Wednesday, September 21, 2011

Do You Have Trouble Passing Up Food that is Not on Your Plan? What About Night-time Eating? Beck-Day 13: Overcome Cravings

I don't have any problem making great food decisions all day long.

Until 5:15 pm that is.

That's when I walk in the door after work and usually a work-out. My energy stores are very low. I'm attempting to accommodate the needs of three other little people all while trying to prepare dinner, that they wanted a half-hour ago.

If I can make it through dinner prep unscathed, there's still the rest of the evening to contend with. And that's where the battle really begins.

Eating a Plant-strong, Nutritarian diet has eliminated all of my food ghosts and goblins of the past, except for this one: night-time snacking. I have absolutely no problem resisting any food craving I have all day long, until 7 o'clock hits.

What's up with that? I'm pretty sure I'm not the only one.

The New York Times published an article about something called "decision making fatigue." Here's a key excerpt from that article:

"The discoveries about glucose help explain why dieting is a uniquely difficult test of self-control — and why even people with phenomenally strong willpower in the rest of their lives can have such a hard time losing weight. They start out the day with virtuous intentions, resisting croissants at breakfast and dessert at lunch, but each act of resistance further lowers their willpower. As their willpower weakens late in the day, they need to replenish it. But to resupply that energy, they need to give the body glucose. They’re trapped in a nutritional catch-22:

1. In order not to eat, a dieter needs willpower.

2. In order to have willpower, a dieter needs to eat.

As the body uses up glucose, it looks for a quick way to replenish the fuel, leading to a craving for sugar. After performing a lab task requiring self-control, people tend to eat more candy but not other kinds of snacks, like salty, fatty potato chips. The mere expectation of having to exert self-control makes people hunger for sweets."

Holy s#1+. That just described me.

And the NYT isn't the only news organization talking about this phenomenon. Here's how the people at Prevention Magazine described it on NBC's The Today Show:

"Budget your resolve: Each of us has a limited supply of self-control, which means if you try to exert it in too many areas at once, you'll rapidly deplete your reserve. A study from Case Western Reserve University illustrates the point. Researchers placed freshly baked chocolate chip cookies before two groups of participants, instructing one group to eat two or three and the other to eat radishes (while watching the others partake). Then everyone was asked to try to solve an impossible puzzle. Participants who had to resist the treats gave up on the problem twice as fast as those who were allowed to indulge. 'Willpower is like gas in your car,' says Vohs. 'When you resist something tempting, you use some up. The more you resist, the emptier your tank gets, until you run out of gas.'”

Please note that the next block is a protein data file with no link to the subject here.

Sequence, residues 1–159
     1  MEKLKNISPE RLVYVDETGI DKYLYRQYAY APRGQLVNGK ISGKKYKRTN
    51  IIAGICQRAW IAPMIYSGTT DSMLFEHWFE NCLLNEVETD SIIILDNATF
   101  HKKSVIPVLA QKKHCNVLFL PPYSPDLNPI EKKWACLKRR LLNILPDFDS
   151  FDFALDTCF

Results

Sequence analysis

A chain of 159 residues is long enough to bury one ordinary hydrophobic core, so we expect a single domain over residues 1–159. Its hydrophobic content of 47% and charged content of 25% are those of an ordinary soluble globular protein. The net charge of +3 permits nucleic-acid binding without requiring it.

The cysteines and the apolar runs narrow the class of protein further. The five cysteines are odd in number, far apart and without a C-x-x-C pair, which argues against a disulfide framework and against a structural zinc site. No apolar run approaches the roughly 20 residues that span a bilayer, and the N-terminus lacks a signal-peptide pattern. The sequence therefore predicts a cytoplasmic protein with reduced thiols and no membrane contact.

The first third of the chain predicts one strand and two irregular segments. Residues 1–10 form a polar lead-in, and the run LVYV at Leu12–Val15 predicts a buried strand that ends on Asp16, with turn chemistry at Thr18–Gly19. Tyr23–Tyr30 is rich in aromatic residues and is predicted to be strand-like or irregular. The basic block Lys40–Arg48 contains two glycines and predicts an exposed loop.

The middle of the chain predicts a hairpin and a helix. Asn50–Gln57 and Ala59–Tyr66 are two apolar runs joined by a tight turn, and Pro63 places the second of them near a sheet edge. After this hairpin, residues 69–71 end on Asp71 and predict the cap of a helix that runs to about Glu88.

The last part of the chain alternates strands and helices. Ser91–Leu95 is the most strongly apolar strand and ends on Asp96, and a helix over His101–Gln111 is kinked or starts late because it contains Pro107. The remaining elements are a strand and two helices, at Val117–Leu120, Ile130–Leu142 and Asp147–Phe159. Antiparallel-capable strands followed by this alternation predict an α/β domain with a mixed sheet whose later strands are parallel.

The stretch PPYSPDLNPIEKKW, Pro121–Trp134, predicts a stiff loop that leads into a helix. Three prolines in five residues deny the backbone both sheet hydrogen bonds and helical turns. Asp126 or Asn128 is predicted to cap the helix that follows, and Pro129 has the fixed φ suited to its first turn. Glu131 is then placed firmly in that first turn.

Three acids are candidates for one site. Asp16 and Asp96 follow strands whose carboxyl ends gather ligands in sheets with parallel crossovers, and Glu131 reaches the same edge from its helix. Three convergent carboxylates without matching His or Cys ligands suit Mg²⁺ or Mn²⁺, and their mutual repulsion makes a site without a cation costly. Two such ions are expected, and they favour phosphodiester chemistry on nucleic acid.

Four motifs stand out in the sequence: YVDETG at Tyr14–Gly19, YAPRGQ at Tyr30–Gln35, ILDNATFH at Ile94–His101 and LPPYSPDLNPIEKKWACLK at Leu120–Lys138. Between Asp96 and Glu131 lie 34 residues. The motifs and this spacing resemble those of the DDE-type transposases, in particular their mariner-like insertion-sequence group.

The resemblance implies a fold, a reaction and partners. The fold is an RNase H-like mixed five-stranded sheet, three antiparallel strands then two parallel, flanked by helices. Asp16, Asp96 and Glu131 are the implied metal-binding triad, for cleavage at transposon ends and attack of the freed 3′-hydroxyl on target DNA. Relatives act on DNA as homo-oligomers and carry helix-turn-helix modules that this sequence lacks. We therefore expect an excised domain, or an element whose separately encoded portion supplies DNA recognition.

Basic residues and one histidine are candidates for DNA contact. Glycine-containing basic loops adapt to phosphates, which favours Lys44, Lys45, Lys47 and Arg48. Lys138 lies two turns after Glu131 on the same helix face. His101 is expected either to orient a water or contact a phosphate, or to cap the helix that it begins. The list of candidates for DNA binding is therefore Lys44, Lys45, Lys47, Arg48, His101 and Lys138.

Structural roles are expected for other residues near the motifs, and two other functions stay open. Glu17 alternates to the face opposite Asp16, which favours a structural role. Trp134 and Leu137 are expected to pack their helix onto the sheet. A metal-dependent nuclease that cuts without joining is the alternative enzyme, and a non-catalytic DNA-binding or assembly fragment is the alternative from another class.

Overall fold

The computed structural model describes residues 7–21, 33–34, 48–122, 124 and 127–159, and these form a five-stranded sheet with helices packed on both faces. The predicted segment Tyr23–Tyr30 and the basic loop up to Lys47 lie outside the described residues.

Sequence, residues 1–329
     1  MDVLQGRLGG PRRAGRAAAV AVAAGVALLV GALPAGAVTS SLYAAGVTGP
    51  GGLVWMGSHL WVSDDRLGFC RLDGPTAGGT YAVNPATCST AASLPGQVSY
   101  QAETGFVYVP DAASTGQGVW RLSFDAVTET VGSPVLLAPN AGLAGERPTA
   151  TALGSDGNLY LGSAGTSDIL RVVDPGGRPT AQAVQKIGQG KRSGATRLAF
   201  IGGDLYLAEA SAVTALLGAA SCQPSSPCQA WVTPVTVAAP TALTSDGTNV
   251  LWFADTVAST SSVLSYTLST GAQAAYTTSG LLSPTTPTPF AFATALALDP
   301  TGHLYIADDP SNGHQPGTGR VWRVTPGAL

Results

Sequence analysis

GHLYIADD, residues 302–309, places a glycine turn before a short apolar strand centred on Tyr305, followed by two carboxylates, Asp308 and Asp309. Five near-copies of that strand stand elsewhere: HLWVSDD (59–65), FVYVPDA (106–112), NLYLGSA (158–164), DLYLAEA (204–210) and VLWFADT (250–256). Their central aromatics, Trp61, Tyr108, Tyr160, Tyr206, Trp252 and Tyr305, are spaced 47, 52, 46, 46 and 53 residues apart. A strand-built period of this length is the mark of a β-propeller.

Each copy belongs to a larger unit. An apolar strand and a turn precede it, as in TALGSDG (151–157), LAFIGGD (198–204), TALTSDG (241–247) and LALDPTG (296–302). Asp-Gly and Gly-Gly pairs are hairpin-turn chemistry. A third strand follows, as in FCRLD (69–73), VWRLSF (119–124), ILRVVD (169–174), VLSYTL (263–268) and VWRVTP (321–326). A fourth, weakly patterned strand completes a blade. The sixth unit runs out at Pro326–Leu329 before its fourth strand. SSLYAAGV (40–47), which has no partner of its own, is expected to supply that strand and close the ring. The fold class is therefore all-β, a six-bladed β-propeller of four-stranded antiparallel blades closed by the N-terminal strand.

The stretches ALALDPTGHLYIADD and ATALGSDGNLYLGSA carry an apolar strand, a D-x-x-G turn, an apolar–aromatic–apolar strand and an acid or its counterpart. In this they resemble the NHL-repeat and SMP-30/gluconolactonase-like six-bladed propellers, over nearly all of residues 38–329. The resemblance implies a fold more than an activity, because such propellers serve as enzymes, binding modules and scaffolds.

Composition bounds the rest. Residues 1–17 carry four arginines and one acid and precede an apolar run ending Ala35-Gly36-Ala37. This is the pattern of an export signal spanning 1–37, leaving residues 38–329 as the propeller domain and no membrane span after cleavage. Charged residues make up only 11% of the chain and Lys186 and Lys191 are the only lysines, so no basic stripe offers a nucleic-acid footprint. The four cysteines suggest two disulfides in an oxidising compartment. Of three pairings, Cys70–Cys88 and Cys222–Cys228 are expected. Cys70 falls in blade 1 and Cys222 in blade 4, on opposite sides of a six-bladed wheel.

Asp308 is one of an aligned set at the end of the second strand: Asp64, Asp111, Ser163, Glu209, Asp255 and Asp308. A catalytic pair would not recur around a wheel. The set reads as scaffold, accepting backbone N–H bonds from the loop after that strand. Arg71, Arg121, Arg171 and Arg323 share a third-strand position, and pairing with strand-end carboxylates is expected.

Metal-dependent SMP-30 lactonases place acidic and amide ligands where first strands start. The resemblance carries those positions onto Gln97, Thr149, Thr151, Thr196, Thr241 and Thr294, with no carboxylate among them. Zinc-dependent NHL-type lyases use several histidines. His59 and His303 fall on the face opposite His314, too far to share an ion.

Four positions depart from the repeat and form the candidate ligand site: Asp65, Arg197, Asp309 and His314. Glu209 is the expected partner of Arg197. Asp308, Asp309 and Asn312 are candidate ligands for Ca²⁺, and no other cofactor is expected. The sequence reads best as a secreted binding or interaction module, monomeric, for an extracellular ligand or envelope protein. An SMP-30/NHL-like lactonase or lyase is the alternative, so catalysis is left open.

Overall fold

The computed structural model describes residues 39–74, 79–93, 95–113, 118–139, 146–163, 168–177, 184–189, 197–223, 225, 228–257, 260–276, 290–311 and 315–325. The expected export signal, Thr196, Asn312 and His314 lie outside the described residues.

That's me. I run out of "gas" at the end of the day, big time (well, not the literal kind of gas, I've got enough of that to last all night, and all morning).

Well, maybe not "big time." I wouldn't call my night time eating a binge. I've overcome any of that behavior by filling up at breakfast, lunch and dinner with high nutrient food. So what I'm really talking about here is that "treat" at the end of a busy, stressful day. But that treat, every night, is the difference between me at my happy weight and me at my something more than my happy weight. And I don't like it.

It's just like Beck says on Day 13, I have to overcome my cravings if I want to remain at a healthy weight for me. Because that's what it is: cravings. I'm not hungry at night. I'm craving a treat and my resistance is shot.

Beck says that we don't have to give into cravings and that they will disappear. Wait it out, it goes away, and over time you gain confidence that cravings do pass. Here's Beck's advice on how to do just that:

(1) Label your feeling as "just a craving" and not an "emergency" or real hunger. This is a very important step and if you don't feel that you know the difference yet, please do the exercise on Day 13.

(2) Decide you are not going to eat anything, because just that decision will relieve you of the tension. Beck says it's the not knowing that causes us the strain. Once we make a firm decision of "no" the craving should start to diminish. Do not give yourself a choice.

(3) Get involved in a compelling activity. Watching TV is probably not enough. Taking a shower, talking to a friend on the phone, reading a book or working on a project is more like it. Beck has a long list of great ideas for distractions.

(4) Drink water, tea,  or club soda. Thirst can mask as hunger.

(5) Distance yourself from the food you crave. Remove the food from your house or you from the place that the food is. I always need to remind myself to throw away whatever it is that has newly become my nighttime "treat." Guess what I'll be doing as soon as I finish writing this post!

(6) Read your Advantages Response Card to remind yourself of why you want to resist cravings.

The key is this: you don't want to strengthen you giving-in muscle. You want to build your resistance muscle. And it is a muscle. I built it once before and I can do it again.

How are you doing with resisting food that is not on your plan? Is this particularly difficult for you at night?